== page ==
• Ultrasound: ₹1,305 = $22
  • 1 Year of birth control pills: ₹2,580 = $43

Pretty awesome, right? And again, that’s the costs without health insurance.

Why I Might Be a Medical Tourist Again

In my last week in India, I went to the gynecologist for a routine checkup. She discovered a pin-head-sized cyst on my cervix.

She assured me that it was nothing to worry about at the moment, but that I should get another checkup in three months—there was a tiny chance, that if it grew, it would have to be removed in an out-patient procedure involving anesthesia.

I looked it up online, and she was right—chances are high that I won’t have to do a darn thing about it.

But if I do… um… it’s costly.

My dad recently had an out-patient procedure on his eye, and his bill for just being a patient in the hospital for four hours (not to pay the surgeon or the anesthesiologist or anything) was $24,000. No, that’s not a typo. Thank goodness his company provides decent insurance, right?

So if I do have to get it removed, and I do it in the US, I’m spending $6,600. No question about it.

But if I go to India to have it removed, it’s about $1,500 for a cheap round-trip ticket, plus $160-$195 for the procedure (my doctor’s estimates of ₹10,000 to ₹12,000, maximum), plus the hotels, transport and food, which for one month can cost an average of $400 for everything, staying in a decent but simple hotel.

So that’s $2,100 instead of $6,600.

A $4,500 savings. (I don’t know about you, but that’s more than I earn in a month.)

I’d say it’d be worth jumping on a plane.

Medical Tourism is Expanding Popularity

It turns out I’m not the only one who’s stumbled upon this incredible money-saving hack. Centers for Disease Control estimates that 750,000 Americans go abroad every year for some kind of medical treatment, mostly for the purpose of saving money.

Patients Beyond Borders has a little higher estimate, guessing that 1.2 million Americans went overseas for medical treatment in 2014, and that the medical tourism market is worth up to $55 billion.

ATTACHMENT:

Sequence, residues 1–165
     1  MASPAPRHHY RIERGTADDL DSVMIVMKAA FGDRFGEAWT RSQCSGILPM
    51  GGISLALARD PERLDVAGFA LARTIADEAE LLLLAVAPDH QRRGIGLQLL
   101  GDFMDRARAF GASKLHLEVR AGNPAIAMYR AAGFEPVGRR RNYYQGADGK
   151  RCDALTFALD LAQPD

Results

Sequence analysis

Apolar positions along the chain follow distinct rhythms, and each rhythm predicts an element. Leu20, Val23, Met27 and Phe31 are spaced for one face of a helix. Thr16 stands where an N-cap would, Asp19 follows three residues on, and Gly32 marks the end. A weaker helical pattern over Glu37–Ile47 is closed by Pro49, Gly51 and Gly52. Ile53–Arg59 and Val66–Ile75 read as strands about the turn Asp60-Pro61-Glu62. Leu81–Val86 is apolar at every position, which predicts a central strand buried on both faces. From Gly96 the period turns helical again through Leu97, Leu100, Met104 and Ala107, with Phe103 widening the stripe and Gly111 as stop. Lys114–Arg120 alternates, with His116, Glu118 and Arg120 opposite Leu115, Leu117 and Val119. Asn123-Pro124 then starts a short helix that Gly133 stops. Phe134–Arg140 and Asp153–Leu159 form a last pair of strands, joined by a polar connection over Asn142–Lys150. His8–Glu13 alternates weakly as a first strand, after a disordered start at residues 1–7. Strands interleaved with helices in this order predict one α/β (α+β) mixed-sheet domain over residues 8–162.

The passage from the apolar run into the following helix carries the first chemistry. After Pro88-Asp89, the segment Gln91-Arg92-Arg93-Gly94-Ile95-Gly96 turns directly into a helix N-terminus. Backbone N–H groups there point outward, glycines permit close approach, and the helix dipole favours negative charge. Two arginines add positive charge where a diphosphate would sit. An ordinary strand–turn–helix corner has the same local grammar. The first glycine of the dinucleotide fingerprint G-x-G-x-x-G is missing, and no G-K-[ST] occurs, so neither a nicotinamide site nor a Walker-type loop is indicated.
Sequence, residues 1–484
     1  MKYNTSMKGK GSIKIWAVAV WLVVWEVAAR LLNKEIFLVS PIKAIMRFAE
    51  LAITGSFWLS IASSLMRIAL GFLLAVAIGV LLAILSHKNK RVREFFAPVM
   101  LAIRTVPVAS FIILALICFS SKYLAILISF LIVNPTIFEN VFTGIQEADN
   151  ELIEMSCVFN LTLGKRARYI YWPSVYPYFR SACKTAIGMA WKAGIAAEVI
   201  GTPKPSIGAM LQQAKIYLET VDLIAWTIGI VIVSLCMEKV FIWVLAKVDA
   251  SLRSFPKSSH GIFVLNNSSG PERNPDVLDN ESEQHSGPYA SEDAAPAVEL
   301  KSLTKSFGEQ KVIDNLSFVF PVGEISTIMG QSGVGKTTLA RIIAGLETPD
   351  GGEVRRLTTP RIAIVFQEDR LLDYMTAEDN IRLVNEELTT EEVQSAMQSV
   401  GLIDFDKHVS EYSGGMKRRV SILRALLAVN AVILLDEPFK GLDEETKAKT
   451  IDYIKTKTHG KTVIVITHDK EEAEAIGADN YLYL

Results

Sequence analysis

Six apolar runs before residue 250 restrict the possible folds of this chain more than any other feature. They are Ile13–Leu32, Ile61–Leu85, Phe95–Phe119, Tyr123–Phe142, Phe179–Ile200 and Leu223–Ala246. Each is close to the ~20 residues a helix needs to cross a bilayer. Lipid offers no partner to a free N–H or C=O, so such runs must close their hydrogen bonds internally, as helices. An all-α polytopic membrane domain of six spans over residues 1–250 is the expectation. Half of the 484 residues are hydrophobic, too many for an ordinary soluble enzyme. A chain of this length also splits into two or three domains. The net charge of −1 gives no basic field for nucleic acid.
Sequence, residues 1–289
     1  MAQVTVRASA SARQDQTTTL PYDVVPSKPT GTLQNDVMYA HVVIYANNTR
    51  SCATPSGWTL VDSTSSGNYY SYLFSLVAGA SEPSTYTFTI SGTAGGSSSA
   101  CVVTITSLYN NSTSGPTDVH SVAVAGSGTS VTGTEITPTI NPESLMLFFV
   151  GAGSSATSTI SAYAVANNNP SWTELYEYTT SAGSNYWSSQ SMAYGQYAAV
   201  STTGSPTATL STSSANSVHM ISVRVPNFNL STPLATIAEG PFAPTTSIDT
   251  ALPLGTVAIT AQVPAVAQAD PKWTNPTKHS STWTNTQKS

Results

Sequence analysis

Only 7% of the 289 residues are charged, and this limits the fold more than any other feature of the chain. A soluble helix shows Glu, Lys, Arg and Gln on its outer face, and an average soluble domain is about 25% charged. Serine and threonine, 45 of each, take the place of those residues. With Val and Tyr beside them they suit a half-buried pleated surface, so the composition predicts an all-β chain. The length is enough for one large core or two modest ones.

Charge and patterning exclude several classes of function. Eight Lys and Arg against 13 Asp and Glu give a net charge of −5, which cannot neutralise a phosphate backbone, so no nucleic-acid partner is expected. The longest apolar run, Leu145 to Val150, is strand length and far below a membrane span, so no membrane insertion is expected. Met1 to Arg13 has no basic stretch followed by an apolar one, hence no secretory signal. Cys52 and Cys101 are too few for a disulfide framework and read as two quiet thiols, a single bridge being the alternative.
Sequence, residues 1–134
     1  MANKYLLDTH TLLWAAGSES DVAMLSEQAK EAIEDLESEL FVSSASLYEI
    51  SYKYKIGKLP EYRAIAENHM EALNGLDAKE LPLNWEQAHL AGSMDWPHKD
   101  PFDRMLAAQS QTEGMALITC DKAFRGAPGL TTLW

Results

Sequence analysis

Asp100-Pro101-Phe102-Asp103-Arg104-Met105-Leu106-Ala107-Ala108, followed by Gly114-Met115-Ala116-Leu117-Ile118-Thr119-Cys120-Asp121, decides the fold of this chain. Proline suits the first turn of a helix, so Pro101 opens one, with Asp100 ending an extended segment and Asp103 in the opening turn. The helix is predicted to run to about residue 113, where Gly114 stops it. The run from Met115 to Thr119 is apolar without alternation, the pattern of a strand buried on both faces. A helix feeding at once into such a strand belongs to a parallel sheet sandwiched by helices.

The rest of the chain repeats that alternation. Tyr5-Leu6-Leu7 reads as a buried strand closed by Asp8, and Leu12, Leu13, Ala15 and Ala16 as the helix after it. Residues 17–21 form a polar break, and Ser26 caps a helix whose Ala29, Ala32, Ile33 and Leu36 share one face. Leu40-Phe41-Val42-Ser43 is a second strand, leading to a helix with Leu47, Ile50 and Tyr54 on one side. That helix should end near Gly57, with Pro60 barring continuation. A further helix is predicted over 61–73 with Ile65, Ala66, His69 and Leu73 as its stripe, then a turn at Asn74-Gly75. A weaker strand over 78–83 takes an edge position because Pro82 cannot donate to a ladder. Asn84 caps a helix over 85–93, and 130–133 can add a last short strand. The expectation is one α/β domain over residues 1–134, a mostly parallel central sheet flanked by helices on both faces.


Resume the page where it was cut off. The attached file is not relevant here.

This money-saving thing is a real deal: has a chart of cost comparisons for different countries on a procedure-by-procedure basis. The prices are from 2013, but they can still give you a great idea of what you’d end up spending.

For example, Lasik eye surgery (which usually isn’t covered by health insurance at all), costs $4,400 for both eyes in the United States, $1,800 in Costa Rica, and just $477 in Malaysia.

Choosing the Right Doctor

I realize some people claim that health standards may be lower in some of the places people travel to for medical tourism, especially the cheaper countries—and that may be true, to a point.

But I was in one of the cheapest places, where you can save up to 90% on a medical procedure, and I had nothing short of an incredible experience with all of my doctors. The offices were clean and the treatment was very thorough. (Though I would suggest avoiding public hospitals in India, opting for private care instead.)

To make sure you get the best care possible, all you need to do is contact a few doctors ahead of time and ask for a consultation. These meetings are not expensive and will help you find the doctor (and office) you feel most comfortable with. I saw two dermatologists before choosing the one I liked the best to remove my moles, but other than that, I had no problems with the first doctor I went to throughout my entire stay in the country.

Posted in Guest Post Tagged with: , ,